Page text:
How To Sell In the US Eastcoast Area
Information for wine reps on how to successfully grow your sales network
Getting your wines into key accounts across high profile markets is a great way to substantially increase sales.
From highly sought-after accounts to small mom-and-pop bottle shops, every buyer profile is different and each can offer unique opportunities. In order to nurture a healthy partnership from the beginning, it is important understand how to cater your pitch and subsequently service every buyer`s specific needs.
Beverage Trade Network interviews trade veteran Bryan Melo, NY/NJ Villa Maria Estate Brand Ambassador at Ste. Michelle Wine Estates, on essential sales strategies for wine representatives working the Tri-State area.
Many buyers in the tri-state area don’t know much about, or care about wine. How do you sell to these people?
First, recognize that your sales pitch to a customer is not about you, your story, or your winery. It doesn’t matter who you think you are- It is always, 100% about the customer and creating value for their business. To think otherwise is to provide a disservice to the customer and creates a bad name for sales people in our industry.
That being said, to remain in business your prospect needs to purchase wine from somebody- so with the right sales pitch that relates to them & their business, you can create a win-win scenario. As a reference point, keep the following facts in mind about operating in competitive markets such as NYC:
1) Retail shops and restaurants pay monthly rents that can range from US $20k for a space the size of a hotel room to $100k and beyond depending on the size & location of their establishment.
2) In order to make a profit they need to focus on bringing customers in the door, managing profit margins, and tracking average customer purchase values; not necessarily investing 10 years of education into viticulture and winemaking.
3) All stores have extremely limited shelf & storage space, which means it’s a difficult task for them to offer a wide variety of products and prices while still working in successful profit margins for the shop.
4) This right here is the golden nugget which all wineries need to understand----Every winery in the world wants to be sold in NYC. Buyers & shop owners have sales people come into their store from the moment they unlock the door in the morning until the store closes at night, they hear all kinds of sales pitches- including the good, bad and ugly.
What does this mean for brand reps? What can they do to cater to the buyer?
Sometimes, a brand will get sold based on the wine’s story and the quality of the wine. Other times, it’s a matter of finding the right product for the right store at the right price. If you prospect is more of a “business person” then a “wine person” take a walk around your prospects store- take a quick mental survey of the category of wine you are trying to sell to him/her. How many competitive wines are there? All at the same price point? Are there notable packaging differences between your item and the competitor? Does your product offer the ability for a higher profit margin? Are you offering something the customer doesn’t already have? or are you adding to their inventory problem? Remember that “cases sold” to us is “money spent” to them.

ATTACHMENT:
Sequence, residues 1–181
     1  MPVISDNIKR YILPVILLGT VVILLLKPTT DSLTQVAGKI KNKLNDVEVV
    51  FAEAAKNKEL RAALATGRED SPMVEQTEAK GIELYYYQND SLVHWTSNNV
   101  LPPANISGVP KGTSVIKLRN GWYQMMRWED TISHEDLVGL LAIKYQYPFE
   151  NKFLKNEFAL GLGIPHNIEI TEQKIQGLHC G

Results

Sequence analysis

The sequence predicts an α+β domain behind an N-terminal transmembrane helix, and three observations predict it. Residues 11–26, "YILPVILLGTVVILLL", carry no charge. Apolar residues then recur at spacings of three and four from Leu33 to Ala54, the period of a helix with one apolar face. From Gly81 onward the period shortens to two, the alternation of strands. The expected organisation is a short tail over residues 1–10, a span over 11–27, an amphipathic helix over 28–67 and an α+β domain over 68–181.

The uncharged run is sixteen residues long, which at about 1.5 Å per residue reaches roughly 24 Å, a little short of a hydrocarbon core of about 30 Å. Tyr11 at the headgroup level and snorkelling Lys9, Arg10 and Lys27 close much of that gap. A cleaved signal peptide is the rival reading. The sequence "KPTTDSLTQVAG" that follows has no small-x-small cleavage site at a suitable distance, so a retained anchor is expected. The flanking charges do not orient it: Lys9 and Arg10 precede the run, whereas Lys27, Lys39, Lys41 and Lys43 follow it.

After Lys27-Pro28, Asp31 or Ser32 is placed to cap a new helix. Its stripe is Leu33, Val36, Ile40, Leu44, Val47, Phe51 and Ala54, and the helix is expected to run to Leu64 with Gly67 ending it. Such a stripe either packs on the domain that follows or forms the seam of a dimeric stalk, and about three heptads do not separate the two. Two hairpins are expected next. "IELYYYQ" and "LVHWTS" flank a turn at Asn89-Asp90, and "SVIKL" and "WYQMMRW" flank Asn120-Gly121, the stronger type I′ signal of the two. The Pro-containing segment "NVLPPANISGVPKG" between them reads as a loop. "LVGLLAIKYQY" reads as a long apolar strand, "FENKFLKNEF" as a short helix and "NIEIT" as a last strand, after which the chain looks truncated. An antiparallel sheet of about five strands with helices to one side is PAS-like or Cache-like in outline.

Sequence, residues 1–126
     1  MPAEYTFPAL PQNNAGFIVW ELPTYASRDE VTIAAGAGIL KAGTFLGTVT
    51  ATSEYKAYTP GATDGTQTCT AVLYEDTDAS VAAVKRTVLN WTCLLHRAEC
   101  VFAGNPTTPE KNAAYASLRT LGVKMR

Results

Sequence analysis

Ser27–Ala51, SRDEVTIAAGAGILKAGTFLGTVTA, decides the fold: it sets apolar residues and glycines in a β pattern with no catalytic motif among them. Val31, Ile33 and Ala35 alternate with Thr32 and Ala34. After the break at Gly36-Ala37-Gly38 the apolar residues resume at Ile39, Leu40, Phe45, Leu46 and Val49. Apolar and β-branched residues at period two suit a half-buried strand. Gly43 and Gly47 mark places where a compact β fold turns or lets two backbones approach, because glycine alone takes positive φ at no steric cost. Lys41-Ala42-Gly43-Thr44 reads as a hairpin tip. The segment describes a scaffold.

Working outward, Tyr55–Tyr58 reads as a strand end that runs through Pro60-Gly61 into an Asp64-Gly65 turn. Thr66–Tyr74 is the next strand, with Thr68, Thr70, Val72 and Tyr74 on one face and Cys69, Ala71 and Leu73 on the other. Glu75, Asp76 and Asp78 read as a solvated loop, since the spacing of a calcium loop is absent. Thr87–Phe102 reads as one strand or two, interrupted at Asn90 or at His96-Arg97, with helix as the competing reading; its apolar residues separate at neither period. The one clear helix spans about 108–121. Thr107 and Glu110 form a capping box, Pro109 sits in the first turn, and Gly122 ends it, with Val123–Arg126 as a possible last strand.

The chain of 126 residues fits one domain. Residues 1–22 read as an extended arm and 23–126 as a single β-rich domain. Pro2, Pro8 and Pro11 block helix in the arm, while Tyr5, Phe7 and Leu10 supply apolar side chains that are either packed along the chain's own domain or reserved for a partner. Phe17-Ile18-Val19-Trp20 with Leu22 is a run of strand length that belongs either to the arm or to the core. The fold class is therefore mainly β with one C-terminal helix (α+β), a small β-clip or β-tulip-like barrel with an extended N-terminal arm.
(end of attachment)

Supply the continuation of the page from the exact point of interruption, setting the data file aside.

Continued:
Once you have all of this figured out, create a sales pitch that will actually relate to the person you are speaking to instead of reciting the same message they hear from every winery representative about how old the winery is, how great the viticulture is, etc. etc.
If your buyer says no- accept it and respect it. It’s not always a permanent no, it could just be a “not now”. As previously mentioned, space is an issue, cash flow is an issue. Follow up respectfully and you will earn your buyers respect. Don’t get too concerned with short term wins. It’s better to sell 100 cases over the course of a year then 1 case today. Play the long game and you will always come out on top.
What can reps expect when they are out in the field?
Expect buyers from all walks of life, who may or may not speak English as a second or third language. Some may taste, some may not.
NYC & the tri-state area is home to a mix of people from all walks of life. Some people get into the wine business because they are truly passionate about wine. Many others open wine & liquor shops because they see the business as a retail opportunity and a way to make a living. Many of the most successful retail and restaurant locations are owned by immigrants from around the world who speak English as a second or third language & some from religions that forbid the consumption of alcohol altogether. Does this make pitching a new product difficult? Sometimes, but this is NYC we’re talking about-- and immigration is what makes our city beautiful.
Remember, the pitch is not about you- it’s about them. If your customer is not interested in wine, or chooses not to drink, why bore them with the same cookie cutter sales pitch you give everyone? Find out how your product will add value to their business. Does it have a calling in the neighborhood via local restaurants? Are you willing to do in store tastings? Do they currently not list anything like your product? Do you have attractive POS material that will trigger a consumer purchase? Are you currently running any marketing campaigns that will reach their customer base? If you can’t speak to this, what do you plan on saying?
How can brand reps differentiate the labels they represent from those of the competition?
Trade Lunches, Winemaker Visits & other traditional “brand building” activities.